The ‘How Young People are Faring during COVID-19’ National and Electorate Fact Sheets draw on data from the Australian Bureau of Statistics (ABS), and a nationally representative poll of 1,020 young people (18-24), conducted by Essential Research to reveal the key challenges facing young Australians across the country.
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The people who are considered unemployed are of working age, actively seeking and available to start work but are without work. This statistics fails to capture the full impact of COVID-19 job or income losses, as some people have stopped looking for work due to there being no or limited jobs available, and others are technically employed but are functionally unemployed as they are working zero hours.
This is composed of young people who are considered officially unemployed by the ABS and those who have left the labour force since the pandemic began.
Youth employment statistics
Using labour market data from the Australian Bureau of Statistics (ABS) at each Statistical Level 4 (SA4) across Australia we estimate the share of unemployment and labour market participation in each electorate. This is done by taking unemployment and labour market participation figures in all SA4s overlapping the electorate, and then calculating a weighted average based on the percentage of the electorate’s residents living in each overlapping SA4 in 2016.
This is the same methodology utilised by Grattan Institute using the ABS and Australian Tax Office (ATO) payroll jobs data, for more information please refer to https://blog.grattan.edu.au/2020/05/job-losses-caused-by-covid-19-electorate-by-electorate/
The data referenced is drawn from a nationally representative online poll of n=1,020 young people (18-24), conducted by Essential Research on behalf of Foundation for Young Australians in June 2020. The data is weighted against Australian Bureau of Statistics (ABS) Census 2016 data for gender, age and location within the 18-24 year old population.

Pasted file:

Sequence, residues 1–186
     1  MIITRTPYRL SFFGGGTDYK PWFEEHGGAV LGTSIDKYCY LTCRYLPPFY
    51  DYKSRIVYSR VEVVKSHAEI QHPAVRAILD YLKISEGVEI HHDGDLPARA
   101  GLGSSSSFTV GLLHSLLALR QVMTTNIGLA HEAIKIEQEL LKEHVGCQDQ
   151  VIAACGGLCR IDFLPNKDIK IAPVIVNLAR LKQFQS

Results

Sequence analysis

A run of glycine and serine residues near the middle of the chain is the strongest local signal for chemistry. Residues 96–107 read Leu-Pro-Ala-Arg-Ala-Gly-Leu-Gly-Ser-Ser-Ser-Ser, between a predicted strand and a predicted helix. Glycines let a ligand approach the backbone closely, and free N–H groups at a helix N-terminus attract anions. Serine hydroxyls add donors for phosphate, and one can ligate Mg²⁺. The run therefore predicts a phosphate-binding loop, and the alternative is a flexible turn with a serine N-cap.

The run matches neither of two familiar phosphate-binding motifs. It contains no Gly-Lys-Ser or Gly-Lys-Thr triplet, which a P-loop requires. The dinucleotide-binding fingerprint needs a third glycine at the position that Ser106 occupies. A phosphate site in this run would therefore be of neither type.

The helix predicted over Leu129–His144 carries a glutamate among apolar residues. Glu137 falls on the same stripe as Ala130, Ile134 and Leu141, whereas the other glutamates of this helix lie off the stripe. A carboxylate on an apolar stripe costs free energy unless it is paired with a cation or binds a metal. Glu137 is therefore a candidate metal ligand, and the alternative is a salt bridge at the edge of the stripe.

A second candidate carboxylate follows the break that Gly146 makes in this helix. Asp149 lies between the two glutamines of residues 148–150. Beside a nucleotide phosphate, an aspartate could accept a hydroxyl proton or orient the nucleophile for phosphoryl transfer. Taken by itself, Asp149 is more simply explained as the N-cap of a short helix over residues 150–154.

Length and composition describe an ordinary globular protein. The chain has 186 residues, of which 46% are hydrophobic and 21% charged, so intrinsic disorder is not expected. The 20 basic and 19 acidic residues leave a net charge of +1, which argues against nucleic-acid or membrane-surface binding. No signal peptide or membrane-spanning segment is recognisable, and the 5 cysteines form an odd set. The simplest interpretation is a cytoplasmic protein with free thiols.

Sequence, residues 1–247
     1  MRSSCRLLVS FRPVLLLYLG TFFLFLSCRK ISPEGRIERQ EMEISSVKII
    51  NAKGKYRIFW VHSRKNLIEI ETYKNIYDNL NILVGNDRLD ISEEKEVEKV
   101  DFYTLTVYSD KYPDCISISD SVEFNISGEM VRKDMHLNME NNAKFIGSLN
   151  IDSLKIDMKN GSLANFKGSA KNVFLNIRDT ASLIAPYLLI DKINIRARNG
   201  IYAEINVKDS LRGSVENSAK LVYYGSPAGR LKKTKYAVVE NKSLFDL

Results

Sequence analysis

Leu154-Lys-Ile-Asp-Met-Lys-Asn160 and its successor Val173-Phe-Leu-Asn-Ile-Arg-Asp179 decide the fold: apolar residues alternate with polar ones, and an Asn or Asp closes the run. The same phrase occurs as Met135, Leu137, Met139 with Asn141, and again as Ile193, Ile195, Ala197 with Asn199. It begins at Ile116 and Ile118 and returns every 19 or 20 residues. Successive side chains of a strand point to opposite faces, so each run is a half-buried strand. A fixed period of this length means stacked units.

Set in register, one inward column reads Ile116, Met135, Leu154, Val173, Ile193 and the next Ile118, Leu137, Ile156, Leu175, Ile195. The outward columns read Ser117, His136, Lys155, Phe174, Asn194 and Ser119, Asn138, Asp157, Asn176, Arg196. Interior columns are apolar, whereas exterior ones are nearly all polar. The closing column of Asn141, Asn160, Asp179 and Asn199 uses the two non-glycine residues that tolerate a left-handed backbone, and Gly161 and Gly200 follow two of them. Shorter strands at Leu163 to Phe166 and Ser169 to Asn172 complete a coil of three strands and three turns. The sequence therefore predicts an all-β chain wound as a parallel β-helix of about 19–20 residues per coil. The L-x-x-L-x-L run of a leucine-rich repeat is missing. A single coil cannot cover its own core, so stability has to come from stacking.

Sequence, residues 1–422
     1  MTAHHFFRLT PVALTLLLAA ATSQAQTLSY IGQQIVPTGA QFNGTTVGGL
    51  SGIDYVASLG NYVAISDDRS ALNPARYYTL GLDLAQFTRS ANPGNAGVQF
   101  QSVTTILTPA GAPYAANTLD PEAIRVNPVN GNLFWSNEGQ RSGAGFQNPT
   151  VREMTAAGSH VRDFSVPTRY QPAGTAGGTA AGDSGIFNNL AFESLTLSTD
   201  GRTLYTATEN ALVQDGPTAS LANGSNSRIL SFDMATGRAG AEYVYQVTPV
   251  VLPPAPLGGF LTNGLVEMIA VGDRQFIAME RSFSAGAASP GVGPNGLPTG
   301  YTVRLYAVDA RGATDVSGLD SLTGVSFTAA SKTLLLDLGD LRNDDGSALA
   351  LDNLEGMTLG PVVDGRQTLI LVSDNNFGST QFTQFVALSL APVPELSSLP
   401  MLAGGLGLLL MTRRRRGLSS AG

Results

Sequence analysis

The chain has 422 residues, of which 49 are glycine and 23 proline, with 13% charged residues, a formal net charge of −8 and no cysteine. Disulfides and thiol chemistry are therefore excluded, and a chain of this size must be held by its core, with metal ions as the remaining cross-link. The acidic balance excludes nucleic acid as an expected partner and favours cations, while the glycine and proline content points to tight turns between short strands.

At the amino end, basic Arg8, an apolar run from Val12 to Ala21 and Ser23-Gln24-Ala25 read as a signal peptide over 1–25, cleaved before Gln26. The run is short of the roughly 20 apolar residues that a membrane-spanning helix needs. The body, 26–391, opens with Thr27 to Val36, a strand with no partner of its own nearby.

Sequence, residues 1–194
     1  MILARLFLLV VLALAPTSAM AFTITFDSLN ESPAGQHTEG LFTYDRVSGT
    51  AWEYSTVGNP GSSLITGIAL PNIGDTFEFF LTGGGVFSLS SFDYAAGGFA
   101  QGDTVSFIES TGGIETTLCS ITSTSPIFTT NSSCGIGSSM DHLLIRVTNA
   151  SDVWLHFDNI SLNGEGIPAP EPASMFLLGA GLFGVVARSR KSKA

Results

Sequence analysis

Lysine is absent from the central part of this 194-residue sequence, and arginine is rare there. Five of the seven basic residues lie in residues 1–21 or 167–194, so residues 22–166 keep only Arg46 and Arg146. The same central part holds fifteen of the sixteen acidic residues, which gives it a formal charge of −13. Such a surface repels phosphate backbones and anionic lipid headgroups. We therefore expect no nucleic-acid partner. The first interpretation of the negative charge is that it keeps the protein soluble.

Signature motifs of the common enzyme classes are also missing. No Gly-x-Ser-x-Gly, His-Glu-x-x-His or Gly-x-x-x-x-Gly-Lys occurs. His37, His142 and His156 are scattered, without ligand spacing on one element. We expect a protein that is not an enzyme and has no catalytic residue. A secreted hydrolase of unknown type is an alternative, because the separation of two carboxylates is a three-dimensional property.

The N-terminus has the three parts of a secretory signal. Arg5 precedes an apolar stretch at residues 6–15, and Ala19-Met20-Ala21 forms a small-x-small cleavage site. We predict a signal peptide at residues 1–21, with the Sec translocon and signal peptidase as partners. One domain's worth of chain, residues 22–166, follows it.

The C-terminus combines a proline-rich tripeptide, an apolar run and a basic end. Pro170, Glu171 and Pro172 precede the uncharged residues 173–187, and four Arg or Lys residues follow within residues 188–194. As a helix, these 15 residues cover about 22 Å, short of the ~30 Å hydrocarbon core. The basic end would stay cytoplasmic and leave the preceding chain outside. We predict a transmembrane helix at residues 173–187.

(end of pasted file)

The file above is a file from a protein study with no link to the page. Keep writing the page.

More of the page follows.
This poll contains specific questions about the impact of COVID-19 on young people’s lives, and what they thought about the recovery led by the Federal Government. The report on these results can be found here.
This data is broken down into electorate classifications (i.e. Metro or Regional), so the data represented in the fact sheets refers to young people’s opinions in similar areas. With the exception of rural or remote electorates which utilise state or national data due to the low sample sizes in these regions.
These estimates are drawn from the monthly Labour Force Survey. Which samples approximately 26,000 dwellings across Australia which represents 0.32% of the Australian population.
The sample is stratified across the regions of Australia to ensure a representative sample of survey participants. As a result, regions with lower populations tend to have fewer people sampled. Estimates produced from small samples are generally subject to proportionally higher sampling error, compared with estimates produced using larger samples. For more information please visit the ABS website: https://www.abs.gov.au/AUSSTATS/abs@.nsf/Latestproducts/6291.0.55.001Quality%20Declaration0May%202020?opendocument&tabname=Notes&prodno=6291.0.55.001&issue=May%202020&num=&view=
Essential Research Polling conducted on behalf of FYA http://fya.org.au/wp-content/uploads/2020/07/Foundation-for-Young-Australians-Reserach-Report-2020-D2-1.pdf
Australian Bureau of Statistics (2020), “6291.0.55.001 – Labour Force, Australia, Detailed – Electronic Delivery, May 2020” – Table RM1. Available at: https://www.abs.gov.au/AUSSTATS/abs@.nsf/DetailsPage/6291.0.55.001May%202020?OpenDocument
Australian Bureau of Statistics (2020), “2082.0 – Discover Your Commonwealth Electoral Division, Australia, 2019”. Available at: https://www.abs.gov.au/AUSSTATS/abs@.nsf/DetailsPage/2082.02019?OpenDocument